worry-free vacation by the pool

Do You Take Your Business with You?

Technological advances allow many of us to take our work with us no matter where we go as long as we have an internet connection. There are many pros and cons of taking your work with you.

 Pros to Taking Your Work with You on Vacation

  • It decreases the stress of leaving work behind because you can check on things and deal with problems as they arrive. This solution is excellent if you’re a Type A person who will stress out more if you’re away from your business for a few hours, much less days.
  • You can save money by not hiring help.
  • You can take more vacations and stay longer.
  • For some people (those Type As) it increases your productivity.

Cons to Taking Your Work with You on Vacation

  • It doesn’t work for all businesses.
  • It can negatively impact your health because you don’t get to revitalize and reduce stress. Eliminating stress and refreshing yourself is critical for your mental and physical health.
  • Increased creativity
  • Eliminate the effects of burnout
  • Improved family relationships
  • Planning a vacation boosts your mood

If you decide to bring work with you, then pick a limited amount of time to work and then close your laptop and walk away. That way, there’s still plenty of time for fun and relaxation.

stress-free vacation

Final Thoughts on Taking a Worry-Free Vacation as a Writer and Small Business Owner

You may be tempted to put off vacation until you have more money, or your business is more stable, but you’ll never get the time you could be enjoying your family and friends back. Seriously! Who cares if it takes a little bit longer to grow your business or your revenue is a bit short for the month.

To run a successful business, you need to take a break or vacation away from home. You need to avoid burnout at all costs, or the setbacks will be costly.

Maybe you don’t have the funds or ability to get away for a week. You can still go away for a couple of days without breaking the bank. Visit family or friends in another city or state or go camping.

Maybe a friend or relative has a cabin you can stay for a weekend retreat. Camping is a very cost-effective way to relax in the peace of nature.

If you plan on traveling as a digital nomad which is the dream for many people who want to start online businesses, then consider getting a rewards credit card.

If you use it for everything, responsibly of course, then you can rack up points for free hotel stays and flights. At the very least, you can fly and stay in hotels at a reduced rate.

See, it really is possible to take a worry-free vacation as a solopreneur or writer with a small business. Make sure you plan it ahead of time and systemize your business so you can put it on autopilot.

Let your clients know that you’ll be out of town and get ready to relax and hit the reset button so you can boost your creativity and run your business efficiently.

A worry-free vacation is just what you need to refresh the mind and body so you can be more productive and get more work done.

Related: What Freelancing is the Right Thing to Do and How to Ditch Your Day Job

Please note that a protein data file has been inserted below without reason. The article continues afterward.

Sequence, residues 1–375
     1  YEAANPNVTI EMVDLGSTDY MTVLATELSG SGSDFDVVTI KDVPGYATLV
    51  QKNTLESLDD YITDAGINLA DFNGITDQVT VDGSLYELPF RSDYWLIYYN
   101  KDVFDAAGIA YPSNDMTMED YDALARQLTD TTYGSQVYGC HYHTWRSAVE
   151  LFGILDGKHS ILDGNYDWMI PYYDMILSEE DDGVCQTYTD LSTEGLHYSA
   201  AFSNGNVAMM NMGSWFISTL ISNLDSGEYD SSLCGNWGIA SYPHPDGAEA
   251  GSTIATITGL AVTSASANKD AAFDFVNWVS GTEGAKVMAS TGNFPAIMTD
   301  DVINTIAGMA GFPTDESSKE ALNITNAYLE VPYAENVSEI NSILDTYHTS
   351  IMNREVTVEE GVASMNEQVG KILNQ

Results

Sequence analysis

Related: 6 Simple Secrets to Managing More Writing Clients Easily

How to Take a Relaxing Worry-Free Vacation as a Writer (Even if You Barely Have Time to Eat)

20 thoughts on “How to Take a Relaxing Worry-Free Vacation as a Writer (Even if You Barely Have Time to Eat)”

  1. This is such a tough subject! I’ve considered outsourcing recently but my blog is still new and I want control over everything as it grows. Content marketing is something I’m trying to get better at. Thanks for the great tips to avoid burn out and actually relax every once in a while!

    1. I always go back and forth too with more outsourcing but I want the control too and I don’t want to give up the social media piece because it’s so much fun to network with people!

    1. Yeah and I think we need more vacations since our lives are more stressful than before. Especially when technology connects us to our job no matter where we are.

  2. This article came at just the perfect time for me! As soon as this corona virus dies down, I’m taking a ‘real vacation’ and I’m keeping in mind all that you suggested. Thanks for sharing.

  3. I am taking a vacation next week the only think I will do is market my blog in facebook groups but that takes 30 minutes and then I am done

  4. I totally agree that Getting ahead with your content is key! Then automating it is for sure the next most helpful tip!

    1. Yes! I’ve gotten much more organized with my content planning and it’s really helped. Automating my FB and Twitter posts is a new thing for me and it actually lets me be more active on those channels!

  5. Great advice! I am getting ready to spend a week camping where I will have limited access to a data connection, even if I wanted to. At this point, I’m starting to plan out scheduling as much as I can. I have also talked to a VA and hired her services for the week to take care of some of the things that I can’t automate. I don’t have the income to do this regularly yet BUT my husband and I decided to factor that into our vacation budget specifically so that I could step away with far less worry.

    1. That is so smart to include the VA in your vacation budget. I never even thought of that. Brilliant! Yes, it can still be really hard to take a vacation even if you work for yourself.

  6. Hi Heather, It’s so funny finding this just now. Literally 1 hour ago I was on the phone with another female writing teacher talking about how we both needed vacations. She and I have worked together before and agreed to trade teaching one another’s classes so that we could take turns going on vacation. So useful to have friends and colleagues you trust, even if you want to stay independent. This is such a prescient topic.

    1. Wow, that is perfect timing and smart thinking on trading classes. It’s really hard when you only have yourself to rely on if you aren’t at an outsourcing point or have a hard time outsourcing because you’re a perfectionist (I’m raising my hand there.)